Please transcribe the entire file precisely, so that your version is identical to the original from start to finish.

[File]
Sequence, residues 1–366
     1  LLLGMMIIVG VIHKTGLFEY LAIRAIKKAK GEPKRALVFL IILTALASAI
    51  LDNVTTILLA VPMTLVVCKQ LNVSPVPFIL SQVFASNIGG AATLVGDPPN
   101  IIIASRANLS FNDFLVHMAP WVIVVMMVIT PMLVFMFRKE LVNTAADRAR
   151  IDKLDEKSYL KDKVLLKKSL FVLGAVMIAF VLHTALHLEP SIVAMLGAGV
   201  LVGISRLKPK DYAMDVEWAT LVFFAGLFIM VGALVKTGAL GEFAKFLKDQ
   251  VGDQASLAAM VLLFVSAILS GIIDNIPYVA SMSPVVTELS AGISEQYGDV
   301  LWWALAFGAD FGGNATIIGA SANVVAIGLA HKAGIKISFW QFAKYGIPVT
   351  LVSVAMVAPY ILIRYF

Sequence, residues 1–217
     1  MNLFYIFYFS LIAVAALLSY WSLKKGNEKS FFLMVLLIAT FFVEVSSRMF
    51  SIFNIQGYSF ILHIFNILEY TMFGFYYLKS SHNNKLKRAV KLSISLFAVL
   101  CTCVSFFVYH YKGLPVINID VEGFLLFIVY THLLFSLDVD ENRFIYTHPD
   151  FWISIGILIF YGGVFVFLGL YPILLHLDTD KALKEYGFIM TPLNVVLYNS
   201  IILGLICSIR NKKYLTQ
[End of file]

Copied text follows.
Sequence, residues 1–366
     1  LLLGMMIIVG VIHKTGLFEY LAIRAIKKAK GEPKRALVFL IILTALASAI
    51  LDNVTTILLA VPMTLVVCKQ LNVSPVPFIL SQVFASNIGG AATLVGDPPN
   101  IIIASRANLS FNDFLVHMAP WVIVVMMVIT PMLVFMFRKE LVNTAADRAR
   151  IDKLDEKSYL KDKVLLKKSL FVLGAVMIAF VLHTALHLEP SIVAMLGAGV
   201  LVGISRLKPK DYAMDVEWAT LVFFAGLFIM VGALVKTGAL GEFAKFLKDQ
   251  VGDQASLAAM VLLFVSAILS GIIDNIPYVA SMSPVVTELS AGISEQYGDV
   301  LWWALAFGAD FGGNATIIGA SANVVAIGLA HKAGIKISFW QFAKYGIPVT
   351  LVSVAMVAPY ILIRYF

Sequence, residues 1–217
     1  MNLFYIFYFS LIAVAALLSY WSLKKGNEKS FFLMVLLIAT FFVEVSSRMF
    51  SIFNIQGYSF ILHIFNILEY TMFGFYYLKS SHNNKLKRAV KLSISLFAVL
   101  CTCVSFFVYH YKGLPVINID VEGFLLFIVY THLLFSLDVD ENRFIYTHPD
   151  FWISIGILIF YGGVFVFLGL YPILLHLDTD KALKEYGFIM TPLNVVLYNS
   201  IILGLICSIR NKKYLTQ